Example 1 Isotactic polypropylene having an intrinsic viscosity (in Vdecalin at 135 C.) of 2.9 to which 0 to 1.5 percent by weight of 4,4 thio-bis `(3-methyl--tert-butyl-phenol) had been added was fed into a screw melter from which the molten polymer was supplied to a metering pump and thence through a filter consisting of 10-20 B S. mesh sand to a five-hole spinneret (hole diameter 0.015 inch). The screw melter, metering pump and .filter were enclosed in an electrically heated jacket which Was maintained at the required spinning temperature. In all cases conditions were adjusted so that the molten polymer was subjected to the required spinning temperature for ten minutes.

TheY table which vfollows. shows the effect of the concentration of the sulphur compound and the temperature on process of degradation as measured by intrinsic visfcosity (LV.)

280 C. 290 C. 300 C.

l Example 2 Isotactic polypropylene having an intrinsic viscosity of 3.5 to which one percent by Weight of a sulphur compound had been added was fed into a screw melter and -then spun as described in Example l. In all cases the molten polymer was subjected to the required spinning temperature for ten minutes.

The table which follows the effect of four different sulphur compounds and spinning temperature required to bring the spun yarn intrinsic viscosity (I V.) into the range 1.0 to 1.6. Also shown in this table is the effectiveness of these sulphur compounds as stabilizers at lower temperatures.

Spinning Spun Spun Yarn, Sulphur Compound Tempera- Yarn, LV. LV., alter ture C.) 100 hours at 140 C.

290 2. 6 280 2. 9 Less than 0.1 250 3. 3 290 1. 3 1. 3 280 1. 3 1. 3 250 1. 1 1. 0 Compound D 290 l. 3 1. 3

The sulphur compounds used were: Compound A, 4,4 thiobis 3- methyl--tert-butylphenol); Compound B, 2,2 thio-bis(3tertbutyl5- methylphenol); Compound 2,2l bis(N-phenylbenzamido)-phenyl disulphide; Compound D, 4,4 thio-bis(2-methyl-5-tert-butylphenol).

Example 3 Isotactic polypropylene vhaving an intrinsic viscosity of 3.0 to which 0.1-0.3 by weight of 2,2thio-bis(6methyl- 3,5-tert-butylphenol) had been added was fed into a screw extruder electrically heated in such a way as to provide a temperature gradient along its length. The screw exvtruder supplied molten polymer ofthe desired intrinsic viscosity to a metering pump whence it passed through a filter consisting of 10-20 B.S. mesh sand to a 40-hole spinneret (hole diameter 0.015 inch). The metering pump, filter and spinneret were enclosed in a vapour jacket which maintained the required spinning temperature. The temperatures in the spinning equipment were adjusted for each concentration of sulphur compound to give spun yarn of substantially constant intrinsic viscosity and the birefringence ofthe spun yarn was also kept substantially constant by controlling the wind-up speed. In both cases the throughput was 6.5 to 7.0 lbs. per hour.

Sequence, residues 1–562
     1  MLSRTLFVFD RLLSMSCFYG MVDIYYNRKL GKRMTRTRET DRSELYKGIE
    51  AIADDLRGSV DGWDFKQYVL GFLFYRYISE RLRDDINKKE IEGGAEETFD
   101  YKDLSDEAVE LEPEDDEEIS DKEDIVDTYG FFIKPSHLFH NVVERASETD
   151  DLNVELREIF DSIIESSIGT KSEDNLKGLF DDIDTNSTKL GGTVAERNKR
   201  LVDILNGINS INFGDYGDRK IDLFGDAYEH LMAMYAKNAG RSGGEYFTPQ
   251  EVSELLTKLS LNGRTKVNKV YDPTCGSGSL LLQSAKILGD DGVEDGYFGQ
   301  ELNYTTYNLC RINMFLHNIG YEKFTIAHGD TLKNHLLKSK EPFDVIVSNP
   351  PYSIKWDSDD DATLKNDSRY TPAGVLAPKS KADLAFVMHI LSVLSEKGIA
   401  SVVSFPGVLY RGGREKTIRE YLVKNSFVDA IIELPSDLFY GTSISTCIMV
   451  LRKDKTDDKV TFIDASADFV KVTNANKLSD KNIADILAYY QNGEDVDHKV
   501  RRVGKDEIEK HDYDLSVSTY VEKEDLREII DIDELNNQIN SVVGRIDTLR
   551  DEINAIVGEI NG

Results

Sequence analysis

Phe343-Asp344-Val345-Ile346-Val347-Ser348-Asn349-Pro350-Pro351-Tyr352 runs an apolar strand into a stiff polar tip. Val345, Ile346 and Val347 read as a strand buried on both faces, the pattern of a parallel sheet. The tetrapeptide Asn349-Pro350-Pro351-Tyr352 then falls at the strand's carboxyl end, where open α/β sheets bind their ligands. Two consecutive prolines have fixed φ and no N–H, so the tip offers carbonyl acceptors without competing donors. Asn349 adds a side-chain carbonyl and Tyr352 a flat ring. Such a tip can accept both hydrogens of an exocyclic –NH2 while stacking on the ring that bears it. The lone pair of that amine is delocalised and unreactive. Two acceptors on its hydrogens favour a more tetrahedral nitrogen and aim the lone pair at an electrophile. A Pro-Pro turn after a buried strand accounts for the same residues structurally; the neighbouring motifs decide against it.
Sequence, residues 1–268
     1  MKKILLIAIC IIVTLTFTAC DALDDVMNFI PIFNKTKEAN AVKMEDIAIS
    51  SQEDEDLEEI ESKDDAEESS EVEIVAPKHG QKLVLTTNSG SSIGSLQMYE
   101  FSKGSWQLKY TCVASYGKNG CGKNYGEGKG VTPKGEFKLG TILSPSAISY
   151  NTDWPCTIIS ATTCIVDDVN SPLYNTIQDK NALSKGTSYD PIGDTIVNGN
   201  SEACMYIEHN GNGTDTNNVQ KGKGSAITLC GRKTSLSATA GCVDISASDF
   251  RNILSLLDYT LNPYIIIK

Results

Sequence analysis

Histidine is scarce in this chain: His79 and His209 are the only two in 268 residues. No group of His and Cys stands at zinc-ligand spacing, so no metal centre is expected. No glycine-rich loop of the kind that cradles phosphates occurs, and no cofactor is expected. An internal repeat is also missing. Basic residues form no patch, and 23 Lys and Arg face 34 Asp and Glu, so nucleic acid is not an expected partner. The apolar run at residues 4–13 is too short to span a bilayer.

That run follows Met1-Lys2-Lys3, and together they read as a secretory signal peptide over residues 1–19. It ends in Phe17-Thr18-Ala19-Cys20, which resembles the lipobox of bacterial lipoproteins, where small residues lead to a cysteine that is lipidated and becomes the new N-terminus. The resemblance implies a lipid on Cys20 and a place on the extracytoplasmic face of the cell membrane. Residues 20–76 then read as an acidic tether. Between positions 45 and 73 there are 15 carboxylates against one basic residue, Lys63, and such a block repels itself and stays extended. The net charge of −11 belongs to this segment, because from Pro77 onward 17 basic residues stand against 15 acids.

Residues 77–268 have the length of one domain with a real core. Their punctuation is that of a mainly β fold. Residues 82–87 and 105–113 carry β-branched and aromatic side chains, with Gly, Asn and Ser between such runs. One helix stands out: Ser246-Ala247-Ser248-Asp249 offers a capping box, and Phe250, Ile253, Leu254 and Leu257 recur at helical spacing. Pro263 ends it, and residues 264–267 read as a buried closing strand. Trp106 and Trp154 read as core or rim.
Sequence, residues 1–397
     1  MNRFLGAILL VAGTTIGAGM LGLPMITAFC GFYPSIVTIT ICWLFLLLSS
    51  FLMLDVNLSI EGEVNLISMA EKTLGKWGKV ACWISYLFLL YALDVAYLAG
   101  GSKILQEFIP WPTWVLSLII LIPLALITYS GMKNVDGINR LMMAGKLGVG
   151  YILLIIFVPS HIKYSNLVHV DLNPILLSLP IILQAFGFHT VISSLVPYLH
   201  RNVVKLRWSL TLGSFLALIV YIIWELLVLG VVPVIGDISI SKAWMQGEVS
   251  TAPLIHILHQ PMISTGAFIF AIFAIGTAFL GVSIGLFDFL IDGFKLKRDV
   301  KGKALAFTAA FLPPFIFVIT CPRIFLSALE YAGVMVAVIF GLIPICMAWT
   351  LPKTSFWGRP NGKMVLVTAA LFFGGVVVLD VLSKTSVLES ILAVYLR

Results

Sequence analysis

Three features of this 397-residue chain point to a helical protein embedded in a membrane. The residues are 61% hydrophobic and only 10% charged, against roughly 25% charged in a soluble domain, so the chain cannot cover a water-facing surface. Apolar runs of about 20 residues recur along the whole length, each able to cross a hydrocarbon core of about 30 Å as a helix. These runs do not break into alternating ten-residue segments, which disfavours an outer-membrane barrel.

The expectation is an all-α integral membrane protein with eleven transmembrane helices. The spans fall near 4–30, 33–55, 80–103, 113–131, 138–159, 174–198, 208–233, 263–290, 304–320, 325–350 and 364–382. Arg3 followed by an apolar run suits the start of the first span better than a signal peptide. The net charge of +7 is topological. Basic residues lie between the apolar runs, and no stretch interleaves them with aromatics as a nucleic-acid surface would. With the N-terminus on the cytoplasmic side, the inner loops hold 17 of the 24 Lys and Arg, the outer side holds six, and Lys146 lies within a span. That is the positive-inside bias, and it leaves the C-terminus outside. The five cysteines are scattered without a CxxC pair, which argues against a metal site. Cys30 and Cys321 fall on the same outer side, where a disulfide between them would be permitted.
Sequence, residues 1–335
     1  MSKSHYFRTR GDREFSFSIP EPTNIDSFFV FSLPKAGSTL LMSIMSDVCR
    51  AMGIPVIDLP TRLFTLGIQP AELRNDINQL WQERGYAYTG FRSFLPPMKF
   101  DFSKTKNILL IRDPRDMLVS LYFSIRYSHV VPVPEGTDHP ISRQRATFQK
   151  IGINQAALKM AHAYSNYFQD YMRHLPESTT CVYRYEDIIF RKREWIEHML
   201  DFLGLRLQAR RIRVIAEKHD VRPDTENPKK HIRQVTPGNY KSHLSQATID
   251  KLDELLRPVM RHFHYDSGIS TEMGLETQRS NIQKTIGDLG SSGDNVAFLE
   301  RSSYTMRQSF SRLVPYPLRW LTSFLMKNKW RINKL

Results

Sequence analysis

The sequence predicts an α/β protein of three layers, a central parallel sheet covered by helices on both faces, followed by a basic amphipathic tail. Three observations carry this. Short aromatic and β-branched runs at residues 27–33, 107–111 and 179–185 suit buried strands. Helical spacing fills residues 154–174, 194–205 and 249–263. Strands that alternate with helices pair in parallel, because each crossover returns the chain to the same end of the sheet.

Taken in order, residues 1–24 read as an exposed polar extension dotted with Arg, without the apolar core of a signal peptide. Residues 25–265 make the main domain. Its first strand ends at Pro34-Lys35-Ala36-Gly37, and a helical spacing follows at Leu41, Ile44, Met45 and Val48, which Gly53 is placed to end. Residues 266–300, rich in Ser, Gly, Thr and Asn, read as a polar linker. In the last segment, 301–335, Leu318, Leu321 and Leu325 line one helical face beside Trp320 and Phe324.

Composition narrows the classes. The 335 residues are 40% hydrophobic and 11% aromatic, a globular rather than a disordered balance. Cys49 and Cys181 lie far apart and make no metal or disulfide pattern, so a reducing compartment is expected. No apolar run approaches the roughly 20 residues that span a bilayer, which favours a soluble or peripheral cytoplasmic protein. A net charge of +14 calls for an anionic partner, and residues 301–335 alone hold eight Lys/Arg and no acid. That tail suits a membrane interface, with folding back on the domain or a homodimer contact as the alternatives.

Screw Vapour Spun Yarn Properties Percent Sulphur Extruder Jacket Compound Tempera- Temperaatures ature Intrinsic Y Birefrin- C.) C.) Vixcosty gence Example 4 Percent of Spun Maximum LV. of polypropylene used Sulphur Yarn, Tenacityv .Compound LV. (gt/den.)


The invention is illustrated in the drawing in which FIG. 1 shows isotactic polypropylene being introduced into an extruder 1 in which it is heated to an elevated temperaure for degradation and is extruded in the form of filaments, The filaments are drawn by draw rolls 2, preferably after having passed through other rolls 3.

What we claim is:

1. A process for the production of bers and filaments of polypropylene having greatly improved tenacity which comprises subjecting isotactic polypropylene having an intrinsic viscosity greater than 2 to thermal degradation at a temperature above about 240 C. promoted by the presence of a sulfur compound which gives rise to thiyl radicals, melt spinning the resultant polymer to yield laments having an intrinsic viscosity greater than 0.5 and a birefrngence of less than 10 1()-3 and drawing the lilaments at a ratio of at least 2 to l.

2. A process according to claim 1 wherein the sulfur compound is selected from the group consisting of thiophenols, mercaptans, thioureas, thio acids and salts thereof, disuldes and polysuldes.

3. A process according to claim 1 wherein the birefringence of the spun filaments is not greater than 3X10-3.

4. A process according to claim 1 wherein less than 2% of the sulfur compound by weight of polypropylene is used.

References Cited in the le of this patent UNITED STATES PATENTS 2,727,879 Vincent Dec. 20, 1955 2,953,542 Stark et al Sept. 20, 1960 2,960,538 May et al. Nov. 15, 1960 2,967,845 Hawkins et al Jan. 10, 1961 2,967,847 Hawkins et al Jan. 10, 1961 2,967,848 Hawkins et al Jan. 10, 1961 2,967,849 Hawkins et al. Jan. 10, 1961 2,967,850 Hawkins et a1. Ian. 10, 1961 2,995,539 Barker et al Aug. 8, 1961 3,006,885 Dickson Oct. 31, 1961 3,010,937 Roos et al. Nov. 28, 1961 3,013,003 Maragliano et al Dec. 12, 1961

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Referenced by
Citing PatentFiling datePublication dateApplicantTitle
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U.S. Classification264/210.6, 525/343, 525/349, 525/350, 525/333.9, 264/211, 525/352, 528/487, 264/290.5
International ClassificationD01F6/04, C08F8/50
Cooperative ClassificationD01F1/10, D01F6/06, C08F8/50
European ClassificationD01F6/04, C08F8/50